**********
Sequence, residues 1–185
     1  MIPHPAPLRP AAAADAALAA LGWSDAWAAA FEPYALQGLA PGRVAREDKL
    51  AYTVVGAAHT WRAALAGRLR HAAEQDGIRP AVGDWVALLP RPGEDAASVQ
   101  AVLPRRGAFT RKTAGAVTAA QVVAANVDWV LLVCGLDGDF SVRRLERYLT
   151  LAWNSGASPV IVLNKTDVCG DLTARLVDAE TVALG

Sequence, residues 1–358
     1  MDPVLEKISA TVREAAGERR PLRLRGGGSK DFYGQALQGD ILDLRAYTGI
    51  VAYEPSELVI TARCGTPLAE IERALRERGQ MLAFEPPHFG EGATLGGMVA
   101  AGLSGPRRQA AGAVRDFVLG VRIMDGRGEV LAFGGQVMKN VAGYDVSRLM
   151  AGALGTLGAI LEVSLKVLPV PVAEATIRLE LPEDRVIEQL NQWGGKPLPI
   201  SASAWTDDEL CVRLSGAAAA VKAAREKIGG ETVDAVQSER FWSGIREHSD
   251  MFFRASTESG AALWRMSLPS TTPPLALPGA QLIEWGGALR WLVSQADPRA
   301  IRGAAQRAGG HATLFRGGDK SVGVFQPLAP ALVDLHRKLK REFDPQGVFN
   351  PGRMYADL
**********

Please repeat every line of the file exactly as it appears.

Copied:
Sequence, residues 1–185
     1  MIPHPAPLRP AAAADAALAA LGWSDAWAAA FEPYALQGLA PGRVAREDKL
    51  AYTVVGAAHT WRAALAGRLR HAAEQDGIRP AVGDWVALLP RPGEDAASVQ
   101  AVLPRRGAFT RKTAGAVTAA QVVAANVDWV LLVCGLDGDF SVRRLERYLT
   151  LAWNSGASPV IVLNKTDVCG DLTARLVDAE TVALG

Sequence, residues 1–358
     1  MDPVLEKISA TVREAAGERR PLRLRGGGSK DFYGQALQGD ILDLRAYTGI
    51  VAYEPSELVI TARCGTPLAE IERALRERGQ MLAFEPPHFG EGATLGGMVA
   101  AGLSGPRRQA AGAVRDFVLG VRIMDGRGEV LAFGGQVMKN VAGYDVSRLM
   151  AGALGTLGAI LEVSLKVLPV PVAEATIRLE LPEDRVIEQL NQWGGKPLPI
   201  SASAWTDDEL CVRLSGAAAA VKAAREKIGG ETVDAVQSER FWSGIREHSD
   251  MFFRASTESG AALWRMSLPS TTPPLALPGA QLIEWGGALR WLVSQADPRA
   301  IRGAAQRAGG HATLFRGGDK SVGVFQPLAP ALVDLHRKLK REFDPQGVFN
   351  PGRMYADL